Back in the mid 80’s when the crimping iron was king and glam-rock-metal kids wore makeup in the fashion of Poison, a movie came out that was so bad it was absolutely brilliant – Maximum Overdrive. The villain was a big rig truck wearing a Green Goblin mask, the hero was Emilio Estevez, and the director was none other than the master of horror himself, Stephen King. Trucks, lawnmowers and even vending machines turned homicidal in a film King himself would admit to being done as he was “coked out of his mind.” Ultimately it was a film that stretched “suspension of disbelief” beyond any reasonable limit.
Well, I certainly can’t say what or even if The Darkness was ‘on anything’ but it certainly takes a sense of humour to enjoy this record. The Darkness always seemed to have their tongue planted firmly in cheek, but now I have my doubts. You see, I’m not quite sure if this is a band that takes itself seriously or not anymore; and I’m not sure if their intention is rock supremacy or parody; I just know that the guitar “licks” are straight from the era of Whitesnake, White Lion and vocals are over the top cliché. The big hair 80’s had music was catchy, the subjects silly and spandex was thought to be cool.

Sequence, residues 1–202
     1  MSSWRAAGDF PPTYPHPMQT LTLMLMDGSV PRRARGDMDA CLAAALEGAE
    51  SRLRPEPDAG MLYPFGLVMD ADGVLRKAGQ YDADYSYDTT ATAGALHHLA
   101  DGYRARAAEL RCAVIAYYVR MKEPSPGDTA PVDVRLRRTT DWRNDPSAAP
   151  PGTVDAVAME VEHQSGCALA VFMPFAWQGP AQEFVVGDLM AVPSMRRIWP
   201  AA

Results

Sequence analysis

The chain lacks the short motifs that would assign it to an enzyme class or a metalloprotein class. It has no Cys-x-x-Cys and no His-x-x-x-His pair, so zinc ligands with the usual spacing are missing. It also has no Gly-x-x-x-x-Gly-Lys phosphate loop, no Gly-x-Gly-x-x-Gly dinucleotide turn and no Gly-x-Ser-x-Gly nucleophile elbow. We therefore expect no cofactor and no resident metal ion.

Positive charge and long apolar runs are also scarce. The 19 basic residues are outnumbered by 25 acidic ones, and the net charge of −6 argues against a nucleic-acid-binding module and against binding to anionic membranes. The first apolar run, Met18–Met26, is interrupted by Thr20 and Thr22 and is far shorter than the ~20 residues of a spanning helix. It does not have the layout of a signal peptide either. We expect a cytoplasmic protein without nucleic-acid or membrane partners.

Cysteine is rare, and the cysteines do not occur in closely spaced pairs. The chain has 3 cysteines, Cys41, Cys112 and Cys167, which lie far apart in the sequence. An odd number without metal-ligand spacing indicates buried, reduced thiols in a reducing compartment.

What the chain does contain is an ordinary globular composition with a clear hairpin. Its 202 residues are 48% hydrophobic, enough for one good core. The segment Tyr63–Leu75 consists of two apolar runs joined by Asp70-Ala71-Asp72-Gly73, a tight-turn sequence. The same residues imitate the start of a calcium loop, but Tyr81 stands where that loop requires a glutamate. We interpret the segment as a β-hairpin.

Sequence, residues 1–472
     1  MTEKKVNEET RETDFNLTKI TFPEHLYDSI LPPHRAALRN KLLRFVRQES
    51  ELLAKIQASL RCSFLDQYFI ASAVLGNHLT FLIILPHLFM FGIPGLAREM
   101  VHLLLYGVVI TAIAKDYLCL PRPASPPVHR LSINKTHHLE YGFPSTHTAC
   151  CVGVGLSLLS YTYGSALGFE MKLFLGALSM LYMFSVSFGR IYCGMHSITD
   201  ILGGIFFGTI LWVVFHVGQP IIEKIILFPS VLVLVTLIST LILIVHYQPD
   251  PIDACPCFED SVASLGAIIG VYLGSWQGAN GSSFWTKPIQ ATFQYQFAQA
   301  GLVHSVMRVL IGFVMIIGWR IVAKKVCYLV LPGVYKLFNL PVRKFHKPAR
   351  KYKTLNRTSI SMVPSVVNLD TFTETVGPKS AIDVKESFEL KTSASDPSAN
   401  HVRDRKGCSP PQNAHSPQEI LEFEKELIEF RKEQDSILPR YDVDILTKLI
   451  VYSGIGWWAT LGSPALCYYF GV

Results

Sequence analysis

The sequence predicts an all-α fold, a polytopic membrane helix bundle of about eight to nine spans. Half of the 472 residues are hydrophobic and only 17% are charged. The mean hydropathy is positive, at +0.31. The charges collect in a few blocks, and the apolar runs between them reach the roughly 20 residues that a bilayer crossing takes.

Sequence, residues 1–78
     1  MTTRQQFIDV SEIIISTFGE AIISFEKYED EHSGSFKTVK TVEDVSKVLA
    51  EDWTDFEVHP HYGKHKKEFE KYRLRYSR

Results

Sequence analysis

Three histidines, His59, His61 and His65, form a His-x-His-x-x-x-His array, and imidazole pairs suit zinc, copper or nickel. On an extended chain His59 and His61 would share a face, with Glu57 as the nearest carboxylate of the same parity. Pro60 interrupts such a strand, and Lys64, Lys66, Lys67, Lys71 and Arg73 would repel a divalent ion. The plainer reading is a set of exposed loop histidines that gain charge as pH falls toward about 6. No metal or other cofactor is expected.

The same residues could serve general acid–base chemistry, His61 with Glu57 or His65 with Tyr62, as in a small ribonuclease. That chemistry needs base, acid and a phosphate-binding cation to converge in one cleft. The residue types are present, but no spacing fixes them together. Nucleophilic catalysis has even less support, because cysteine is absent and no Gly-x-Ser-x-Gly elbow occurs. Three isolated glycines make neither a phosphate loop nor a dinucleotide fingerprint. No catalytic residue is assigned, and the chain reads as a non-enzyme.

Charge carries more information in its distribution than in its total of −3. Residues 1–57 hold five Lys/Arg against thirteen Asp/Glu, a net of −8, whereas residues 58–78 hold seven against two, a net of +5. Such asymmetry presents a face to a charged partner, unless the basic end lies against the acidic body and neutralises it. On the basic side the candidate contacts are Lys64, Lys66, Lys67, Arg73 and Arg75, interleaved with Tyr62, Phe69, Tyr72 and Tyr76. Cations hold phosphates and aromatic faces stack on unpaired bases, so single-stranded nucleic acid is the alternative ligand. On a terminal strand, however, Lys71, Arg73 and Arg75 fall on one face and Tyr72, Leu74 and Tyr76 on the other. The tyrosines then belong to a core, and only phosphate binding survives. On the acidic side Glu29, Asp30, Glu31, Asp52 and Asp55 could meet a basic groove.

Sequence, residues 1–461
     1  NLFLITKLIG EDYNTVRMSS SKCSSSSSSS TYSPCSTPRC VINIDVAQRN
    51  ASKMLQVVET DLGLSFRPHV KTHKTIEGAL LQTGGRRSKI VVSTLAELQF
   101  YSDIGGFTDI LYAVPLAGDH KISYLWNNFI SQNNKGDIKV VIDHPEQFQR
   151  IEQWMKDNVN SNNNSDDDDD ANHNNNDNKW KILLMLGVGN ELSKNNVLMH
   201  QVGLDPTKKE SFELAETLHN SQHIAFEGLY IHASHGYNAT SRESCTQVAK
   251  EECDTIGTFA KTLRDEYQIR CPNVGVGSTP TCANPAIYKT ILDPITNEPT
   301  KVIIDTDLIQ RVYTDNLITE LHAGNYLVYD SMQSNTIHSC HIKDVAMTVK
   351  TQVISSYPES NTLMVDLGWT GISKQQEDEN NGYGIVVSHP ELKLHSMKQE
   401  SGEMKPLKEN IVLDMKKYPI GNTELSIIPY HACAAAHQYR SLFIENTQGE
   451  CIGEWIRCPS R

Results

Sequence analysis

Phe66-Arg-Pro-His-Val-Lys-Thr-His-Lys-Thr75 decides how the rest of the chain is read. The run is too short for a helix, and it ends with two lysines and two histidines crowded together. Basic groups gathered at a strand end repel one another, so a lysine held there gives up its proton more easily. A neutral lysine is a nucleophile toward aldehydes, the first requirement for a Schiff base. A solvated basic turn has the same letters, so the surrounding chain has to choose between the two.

From track number one “Barbarian” the axe swings a heavy blow against… well… it swings a mighty blow, and the falsetto screams of… well… screams. “Reducing the feeble citadels to ashes and blood stain / enslaving the sweet women folk / while every man is slain” is hilarious in its “epic-ness” as a description of story rather than storytelling itself.
Things get even more… um… colossal (that sounds good) throughout the record as The Darkness take on sounds of Queen doing the soundtrack for Flash Gordon. We are told to “open up your mighty wings and fly” in that high pitch testimonial climax on “Mighty Wings.” Regardless, it has all those metal moments of high drama and sound. You can imagine waves crashing, lightning flashing, broken hearts and quests for the nature of existence.
It isn’t that The Darkness have put out a bad record, it’s just that like Maximum Overdrive it stretches the “suspension of disbelief” beyond my capacity. Do they know they have broken the forth wall down and have in essence become a musical episode of Disney’s Phineas & Ferb? Is Last Of Our Kind a parody, and if so, who is it a parody of?